The BBC and the Guardian report that Blunkett has outlined his plan for national ID cards. In the face of cabinet splits over the issue, he is going for an incremental approach to introducing the cards.
According to the govt’s new document on the subject the national ID cards will be introduced in 2 phases. In phase 1, a new national identity register will be established, passports and driving licences will be replaced by cards carrying biometric identitifiers (e.g. fingerprints or iris scans) starting in 2007/8, a voluntary ID card for those without passports or driving licences will be made available and mandatory ID documents containing biometric identifiers will be introduced for foreign nationals staying in Britain for more than 3 months.
In phase 2, after a full debate and a vote in parliament, the cards will be made compulsory to own and access to public services will require presentation of such a card. The cards will also be required to apply for jobs legally.
Blunkett is trying desperately to justify this claiming the cards will make identity theft impossible (which is simply false — biometrics will not prevent forgery or false application for the cards) and asserting they’re necessary without explaining why. Moreover the new govt document on this topic repeats a lie about the govt’s earlier consultation on entitlement cards. The document states:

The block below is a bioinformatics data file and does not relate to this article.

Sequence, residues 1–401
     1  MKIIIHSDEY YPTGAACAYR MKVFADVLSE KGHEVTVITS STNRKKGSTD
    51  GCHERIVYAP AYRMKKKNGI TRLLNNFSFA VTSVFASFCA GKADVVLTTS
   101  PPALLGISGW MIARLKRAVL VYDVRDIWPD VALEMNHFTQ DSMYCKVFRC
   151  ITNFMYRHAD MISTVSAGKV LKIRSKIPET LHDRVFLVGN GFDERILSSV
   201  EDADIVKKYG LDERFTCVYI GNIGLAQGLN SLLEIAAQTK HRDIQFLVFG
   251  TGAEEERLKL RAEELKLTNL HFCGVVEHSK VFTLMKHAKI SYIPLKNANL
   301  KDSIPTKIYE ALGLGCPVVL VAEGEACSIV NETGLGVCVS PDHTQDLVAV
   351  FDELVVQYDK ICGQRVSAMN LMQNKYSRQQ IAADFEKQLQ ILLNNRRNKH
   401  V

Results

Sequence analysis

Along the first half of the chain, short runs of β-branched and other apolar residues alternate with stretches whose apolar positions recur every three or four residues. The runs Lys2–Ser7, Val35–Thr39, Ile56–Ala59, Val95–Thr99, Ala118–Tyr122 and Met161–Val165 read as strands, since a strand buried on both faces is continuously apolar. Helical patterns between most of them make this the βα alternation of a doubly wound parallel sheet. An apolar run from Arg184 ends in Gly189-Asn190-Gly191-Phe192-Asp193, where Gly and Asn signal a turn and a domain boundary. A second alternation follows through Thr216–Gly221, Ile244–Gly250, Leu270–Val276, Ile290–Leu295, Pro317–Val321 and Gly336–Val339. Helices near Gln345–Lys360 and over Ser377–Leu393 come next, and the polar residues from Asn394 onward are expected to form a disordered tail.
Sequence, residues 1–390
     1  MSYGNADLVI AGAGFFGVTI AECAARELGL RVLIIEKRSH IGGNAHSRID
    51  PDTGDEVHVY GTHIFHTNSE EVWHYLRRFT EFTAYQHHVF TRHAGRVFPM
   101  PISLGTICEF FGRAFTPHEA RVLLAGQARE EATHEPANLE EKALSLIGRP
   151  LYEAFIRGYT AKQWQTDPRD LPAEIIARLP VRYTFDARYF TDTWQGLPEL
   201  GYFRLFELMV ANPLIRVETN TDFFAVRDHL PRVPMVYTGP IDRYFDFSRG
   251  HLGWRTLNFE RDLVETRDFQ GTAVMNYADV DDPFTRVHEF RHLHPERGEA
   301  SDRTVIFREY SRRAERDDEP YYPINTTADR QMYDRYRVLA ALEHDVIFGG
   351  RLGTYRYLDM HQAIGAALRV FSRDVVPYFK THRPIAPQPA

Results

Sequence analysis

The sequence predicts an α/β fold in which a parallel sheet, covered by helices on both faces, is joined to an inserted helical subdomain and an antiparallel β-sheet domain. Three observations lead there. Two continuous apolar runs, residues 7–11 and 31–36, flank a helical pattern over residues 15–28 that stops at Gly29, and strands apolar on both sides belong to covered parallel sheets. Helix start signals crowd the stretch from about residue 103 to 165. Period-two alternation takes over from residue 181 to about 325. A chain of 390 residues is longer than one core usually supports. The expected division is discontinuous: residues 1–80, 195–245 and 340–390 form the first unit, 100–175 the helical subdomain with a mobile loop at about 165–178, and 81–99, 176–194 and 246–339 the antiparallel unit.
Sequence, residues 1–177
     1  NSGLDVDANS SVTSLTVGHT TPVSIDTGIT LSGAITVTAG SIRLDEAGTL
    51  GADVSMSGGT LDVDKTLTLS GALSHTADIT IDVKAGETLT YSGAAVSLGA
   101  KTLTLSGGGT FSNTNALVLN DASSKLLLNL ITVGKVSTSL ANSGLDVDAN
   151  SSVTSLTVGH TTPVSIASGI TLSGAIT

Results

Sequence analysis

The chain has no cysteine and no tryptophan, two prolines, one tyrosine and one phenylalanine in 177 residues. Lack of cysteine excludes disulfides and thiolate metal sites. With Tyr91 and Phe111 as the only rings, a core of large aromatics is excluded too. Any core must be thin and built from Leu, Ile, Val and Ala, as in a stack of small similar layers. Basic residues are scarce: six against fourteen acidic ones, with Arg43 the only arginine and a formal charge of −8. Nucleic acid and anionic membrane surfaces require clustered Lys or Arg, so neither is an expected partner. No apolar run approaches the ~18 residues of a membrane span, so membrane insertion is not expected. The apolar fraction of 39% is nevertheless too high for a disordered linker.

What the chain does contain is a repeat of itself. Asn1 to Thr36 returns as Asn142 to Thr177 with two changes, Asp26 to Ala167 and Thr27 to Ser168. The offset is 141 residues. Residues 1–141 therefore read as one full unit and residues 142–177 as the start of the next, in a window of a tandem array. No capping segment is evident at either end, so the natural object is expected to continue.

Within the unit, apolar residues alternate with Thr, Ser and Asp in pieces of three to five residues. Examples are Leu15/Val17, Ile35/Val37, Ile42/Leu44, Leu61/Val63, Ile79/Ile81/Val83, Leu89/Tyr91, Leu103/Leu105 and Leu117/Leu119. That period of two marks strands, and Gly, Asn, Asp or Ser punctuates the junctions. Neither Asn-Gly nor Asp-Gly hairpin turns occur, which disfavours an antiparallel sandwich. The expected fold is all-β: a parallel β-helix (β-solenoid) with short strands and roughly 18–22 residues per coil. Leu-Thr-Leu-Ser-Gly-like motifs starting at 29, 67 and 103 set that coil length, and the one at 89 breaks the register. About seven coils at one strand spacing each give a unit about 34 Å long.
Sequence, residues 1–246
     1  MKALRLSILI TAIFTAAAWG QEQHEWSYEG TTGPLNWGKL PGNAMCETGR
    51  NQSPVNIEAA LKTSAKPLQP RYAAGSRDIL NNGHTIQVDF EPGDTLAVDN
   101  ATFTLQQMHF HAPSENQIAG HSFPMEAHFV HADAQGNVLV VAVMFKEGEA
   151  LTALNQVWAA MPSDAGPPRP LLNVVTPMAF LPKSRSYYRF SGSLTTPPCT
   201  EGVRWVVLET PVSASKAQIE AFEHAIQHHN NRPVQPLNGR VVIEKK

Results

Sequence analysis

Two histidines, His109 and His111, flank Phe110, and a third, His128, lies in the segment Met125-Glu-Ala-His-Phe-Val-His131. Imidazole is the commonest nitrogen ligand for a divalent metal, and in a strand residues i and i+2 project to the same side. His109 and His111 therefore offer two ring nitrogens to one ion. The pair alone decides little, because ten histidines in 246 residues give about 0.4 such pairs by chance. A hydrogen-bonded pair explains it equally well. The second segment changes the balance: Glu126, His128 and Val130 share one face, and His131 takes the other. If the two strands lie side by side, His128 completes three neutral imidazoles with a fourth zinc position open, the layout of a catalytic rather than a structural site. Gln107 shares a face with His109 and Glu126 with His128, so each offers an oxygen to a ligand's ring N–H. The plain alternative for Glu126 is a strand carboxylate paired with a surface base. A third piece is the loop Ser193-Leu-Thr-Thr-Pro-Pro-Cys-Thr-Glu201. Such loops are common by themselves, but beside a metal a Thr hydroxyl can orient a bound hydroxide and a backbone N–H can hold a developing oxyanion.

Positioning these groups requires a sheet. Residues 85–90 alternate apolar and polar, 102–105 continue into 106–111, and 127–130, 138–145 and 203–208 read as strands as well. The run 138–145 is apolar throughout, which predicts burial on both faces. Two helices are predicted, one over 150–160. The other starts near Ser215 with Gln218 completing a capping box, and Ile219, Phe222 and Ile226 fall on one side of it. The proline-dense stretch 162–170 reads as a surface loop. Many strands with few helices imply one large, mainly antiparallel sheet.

Of the 5000 people who responded formally to the consultation, 4200 expressed a view. Over 60% of these were in favour. We also received over 5000 emails from an organised opposition campaign. Over 96% of these were opposed.
But the 5000 emails referred to were sent by individuals responding to the govt constultation via the STAND website, and thus were a formal part of the consultation. It is simply disengenous to separate these from the other responses since they were sent via the gov’ts formal channels for the consultation and involved individuals making their own mind up to oppose (or support in some cases) the cards.
For some detailed criticism of the cards, this article in the Register is worth a look. The Stand website also has good material including more detail on the spinning and lies over the results of the consultation exercise. Finally, Samizdata and White Rose also comment on this.